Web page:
Every year, the Passover seder asks Jews to make a leap of the imagination. According to the Haggada, in every generation we are obligated to regard ourselves as if we had come out of Egypt. In his new translation and commentary on the Haggada, novelist Jonathan Safran Foer calls this demand on the imagination a “radical act of empathy.” “We are asked not to receive a story,” he explains, “but to be characters within it, to feel as if we, ourselves, are being liberated from Egypt.”
Some years, this is easier than others. In the six decades since the Holocaust, American Jews have found themselves feeling singularly blessed with safety and prosperity. Our happiness has been leavened, so to speak, by memories and the sufferings of other Jewish communities and our anxieties over Israel. Yet for the most part, we are able to mark each Pesach in a spirit of gratitude and liberation.
And yet this Passover feels darker than many in recent years. Our celebration of freedom is undermined by our anxiety over Iran and the possibility of a sworn enemy of Israel obtaining a nuclear weapon. This is compounded by uncertainty over the best way to confront the ayatollahs, whether through diplomacy or military action. Each carries risks; neither guarantees success. The recent murders in Toulouse, meanwhile, are reminders that while anti-Semitism is no longer the widespread social ill it once was, there are those who continue to dehumanize Jews and seek their destruction. On the global and personal scales, neither of these tragedies leads to thoughts of liberation.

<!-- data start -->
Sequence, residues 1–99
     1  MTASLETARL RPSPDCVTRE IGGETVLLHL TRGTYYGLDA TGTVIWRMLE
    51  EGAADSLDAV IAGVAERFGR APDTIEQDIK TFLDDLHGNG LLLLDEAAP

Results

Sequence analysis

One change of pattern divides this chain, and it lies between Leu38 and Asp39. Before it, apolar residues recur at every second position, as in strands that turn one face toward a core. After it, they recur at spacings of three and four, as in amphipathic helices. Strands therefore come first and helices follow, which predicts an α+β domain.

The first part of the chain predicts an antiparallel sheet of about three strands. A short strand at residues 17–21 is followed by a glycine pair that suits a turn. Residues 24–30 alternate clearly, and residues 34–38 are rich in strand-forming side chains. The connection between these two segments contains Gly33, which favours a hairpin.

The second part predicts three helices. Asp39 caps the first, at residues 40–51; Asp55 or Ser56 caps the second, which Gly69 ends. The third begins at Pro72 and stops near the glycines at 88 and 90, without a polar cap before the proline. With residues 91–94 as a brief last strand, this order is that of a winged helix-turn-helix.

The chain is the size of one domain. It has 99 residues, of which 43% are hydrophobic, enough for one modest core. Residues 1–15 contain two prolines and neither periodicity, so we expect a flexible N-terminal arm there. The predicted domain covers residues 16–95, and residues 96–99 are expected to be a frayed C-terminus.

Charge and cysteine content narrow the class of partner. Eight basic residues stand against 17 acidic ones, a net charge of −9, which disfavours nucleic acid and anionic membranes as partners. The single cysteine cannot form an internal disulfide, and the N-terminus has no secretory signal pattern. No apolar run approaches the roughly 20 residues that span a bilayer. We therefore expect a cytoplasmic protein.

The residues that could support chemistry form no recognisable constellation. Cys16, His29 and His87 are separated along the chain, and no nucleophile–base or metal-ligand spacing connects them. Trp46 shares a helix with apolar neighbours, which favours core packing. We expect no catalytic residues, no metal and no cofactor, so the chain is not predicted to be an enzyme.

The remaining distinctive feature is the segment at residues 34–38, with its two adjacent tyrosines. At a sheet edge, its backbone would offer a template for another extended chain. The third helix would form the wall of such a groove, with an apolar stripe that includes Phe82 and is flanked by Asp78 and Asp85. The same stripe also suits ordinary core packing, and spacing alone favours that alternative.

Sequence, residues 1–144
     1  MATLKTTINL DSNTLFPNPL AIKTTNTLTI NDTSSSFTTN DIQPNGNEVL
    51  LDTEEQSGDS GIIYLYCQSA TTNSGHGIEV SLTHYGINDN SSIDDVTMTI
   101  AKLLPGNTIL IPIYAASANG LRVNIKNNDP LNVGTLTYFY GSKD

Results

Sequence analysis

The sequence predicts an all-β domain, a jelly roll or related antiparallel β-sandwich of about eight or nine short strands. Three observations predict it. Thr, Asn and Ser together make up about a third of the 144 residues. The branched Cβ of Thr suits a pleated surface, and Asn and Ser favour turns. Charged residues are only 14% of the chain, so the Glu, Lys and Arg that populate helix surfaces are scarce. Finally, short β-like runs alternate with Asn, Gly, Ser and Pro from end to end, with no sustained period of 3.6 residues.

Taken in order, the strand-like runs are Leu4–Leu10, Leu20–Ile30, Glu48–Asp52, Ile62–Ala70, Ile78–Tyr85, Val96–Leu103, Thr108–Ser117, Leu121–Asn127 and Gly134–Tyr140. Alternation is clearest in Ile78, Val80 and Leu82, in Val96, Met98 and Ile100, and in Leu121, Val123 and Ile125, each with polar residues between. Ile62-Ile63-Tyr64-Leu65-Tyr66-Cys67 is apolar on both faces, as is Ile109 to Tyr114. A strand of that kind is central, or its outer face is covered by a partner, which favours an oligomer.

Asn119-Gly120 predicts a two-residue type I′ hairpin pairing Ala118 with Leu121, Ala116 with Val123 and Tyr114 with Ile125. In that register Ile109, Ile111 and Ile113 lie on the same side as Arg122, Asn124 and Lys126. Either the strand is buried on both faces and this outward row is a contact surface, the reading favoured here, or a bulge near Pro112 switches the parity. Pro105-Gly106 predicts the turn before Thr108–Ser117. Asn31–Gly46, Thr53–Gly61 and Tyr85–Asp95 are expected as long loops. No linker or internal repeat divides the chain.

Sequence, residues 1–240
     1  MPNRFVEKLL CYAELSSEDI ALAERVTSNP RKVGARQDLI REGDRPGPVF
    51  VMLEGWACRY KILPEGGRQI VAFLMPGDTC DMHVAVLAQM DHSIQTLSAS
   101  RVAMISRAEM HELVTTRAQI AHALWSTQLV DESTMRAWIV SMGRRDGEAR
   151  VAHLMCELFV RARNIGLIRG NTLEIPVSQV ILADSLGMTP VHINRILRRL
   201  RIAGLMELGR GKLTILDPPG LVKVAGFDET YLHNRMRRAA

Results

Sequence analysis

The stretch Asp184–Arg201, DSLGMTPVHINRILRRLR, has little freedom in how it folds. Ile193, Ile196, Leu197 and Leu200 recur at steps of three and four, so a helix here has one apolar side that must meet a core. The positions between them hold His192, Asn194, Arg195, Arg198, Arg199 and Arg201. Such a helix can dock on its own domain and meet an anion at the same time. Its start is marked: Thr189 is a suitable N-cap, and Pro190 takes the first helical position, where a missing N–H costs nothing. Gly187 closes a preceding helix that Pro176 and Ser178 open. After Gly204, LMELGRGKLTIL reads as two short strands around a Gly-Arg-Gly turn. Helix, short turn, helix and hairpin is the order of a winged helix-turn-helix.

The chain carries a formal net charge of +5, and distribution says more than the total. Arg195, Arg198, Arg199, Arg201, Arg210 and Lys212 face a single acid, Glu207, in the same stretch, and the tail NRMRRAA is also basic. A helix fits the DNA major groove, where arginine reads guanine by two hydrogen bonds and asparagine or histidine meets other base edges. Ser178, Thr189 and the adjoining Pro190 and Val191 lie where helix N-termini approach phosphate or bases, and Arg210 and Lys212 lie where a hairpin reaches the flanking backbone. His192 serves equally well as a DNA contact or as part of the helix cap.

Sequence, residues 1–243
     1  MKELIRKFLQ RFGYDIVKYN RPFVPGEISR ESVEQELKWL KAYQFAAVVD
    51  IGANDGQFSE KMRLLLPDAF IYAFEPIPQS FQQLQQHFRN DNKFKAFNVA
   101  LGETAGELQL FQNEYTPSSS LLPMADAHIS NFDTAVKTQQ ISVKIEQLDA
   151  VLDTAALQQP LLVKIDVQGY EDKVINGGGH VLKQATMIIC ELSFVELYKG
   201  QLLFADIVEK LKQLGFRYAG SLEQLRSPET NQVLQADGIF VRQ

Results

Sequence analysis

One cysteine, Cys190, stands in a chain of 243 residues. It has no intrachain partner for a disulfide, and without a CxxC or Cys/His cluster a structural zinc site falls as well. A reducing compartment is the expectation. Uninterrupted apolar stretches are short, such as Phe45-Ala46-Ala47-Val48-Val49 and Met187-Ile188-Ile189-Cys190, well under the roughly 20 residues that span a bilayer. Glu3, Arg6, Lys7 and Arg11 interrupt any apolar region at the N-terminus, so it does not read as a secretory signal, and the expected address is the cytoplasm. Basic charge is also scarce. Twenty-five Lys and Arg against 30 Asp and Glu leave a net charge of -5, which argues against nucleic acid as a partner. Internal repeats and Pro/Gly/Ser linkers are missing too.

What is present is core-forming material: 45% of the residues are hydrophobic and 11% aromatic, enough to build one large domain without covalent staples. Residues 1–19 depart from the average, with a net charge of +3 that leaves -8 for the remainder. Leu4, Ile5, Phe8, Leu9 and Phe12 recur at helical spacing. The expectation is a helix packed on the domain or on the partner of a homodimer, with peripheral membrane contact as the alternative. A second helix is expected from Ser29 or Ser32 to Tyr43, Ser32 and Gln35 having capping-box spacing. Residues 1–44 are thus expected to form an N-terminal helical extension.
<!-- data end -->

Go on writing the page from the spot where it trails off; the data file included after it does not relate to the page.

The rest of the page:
The challenge of Passover, as always, is to balance the stories we tell ourselves and the lessons we learn. We can focus on deliverance, but end up forgetting the suffering that came before. Or we can dwell on our struggles, and ignore the ways we have flourished as a people. Passover asks us to remember both parts of the story — to hope for redemption in dark times, to empathize with those who struggle in good times. Like a mixture of haroset and bitter herbs, we must learn to taste the bitter with the sweet.
From the staff of New Jersey Jewish News, hag Pesach sameach.